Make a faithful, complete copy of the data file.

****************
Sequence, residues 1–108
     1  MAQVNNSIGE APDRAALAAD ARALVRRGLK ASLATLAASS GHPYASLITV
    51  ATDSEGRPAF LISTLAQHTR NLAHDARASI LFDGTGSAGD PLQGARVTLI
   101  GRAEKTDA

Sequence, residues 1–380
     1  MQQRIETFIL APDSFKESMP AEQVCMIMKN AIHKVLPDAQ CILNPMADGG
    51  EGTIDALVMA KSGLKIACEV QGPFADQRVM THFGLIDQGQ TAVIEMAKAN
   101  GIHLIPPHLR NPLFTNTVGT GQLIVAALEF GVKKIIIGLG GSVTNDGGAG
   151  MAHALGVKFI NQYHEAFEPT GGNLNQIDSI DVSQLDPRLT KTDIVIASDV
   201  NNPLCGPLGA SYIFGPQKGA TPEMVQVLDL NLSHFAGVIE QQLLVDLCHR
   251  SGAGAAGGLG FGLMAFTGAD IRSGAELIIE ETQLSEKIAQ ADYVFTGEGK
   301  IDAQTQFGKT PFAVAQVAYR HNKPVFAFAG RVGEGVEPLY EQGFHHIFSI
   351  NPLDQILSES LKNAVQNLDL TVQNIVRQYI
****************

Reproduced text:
Sequence, residues 1–108
     1  MAQVNNSIGE APDRAALAAD ARALVRRGLK ASLATLAASS GHPYASLITV
    51  ATDSEGRPAF LISTLAQHTR NLAHDARASI LFDGTGSAGD PLQGARVTLI
   101  GRAEKTDA

Sequence, residues 1–380
     1  MQQRIETFIL APDSFKESMP AEQVCMIMKN AIHKVLPDAQ CILNPMADGG
    51  EGTIDALVMA KSGLKIACEV QGPFADQRVM THFGLIDQGQ TAVIEMAKAN
   101  GIHLIPPHLR NPLFTNTVGT GQLIVAALEF GVKKIIIGLG GSVTNDGGAG
   151  MAHALGVKFI NQYHEAFEPT GGNLNQIDSI DVSQLDPRLT KTDIVIASDV
   201  NNPLCGPLGA SYIFGPQKGA TPEMVQVLDL NLSHFAGVIE QQLLVDLCHR
   251  SGAGAAGGLG FGLMAFTGAD IRSGAELIIE ETQLSEKIAQ ADYVFTGEGK
   301  IDAQTQFGKT PFAVAQVAYR HNKPVFAFAG RVGEGVEPLY EQGFHHIFSI
   351  NPLDQILSES LKNAVQNLDL TVQNIVRQYI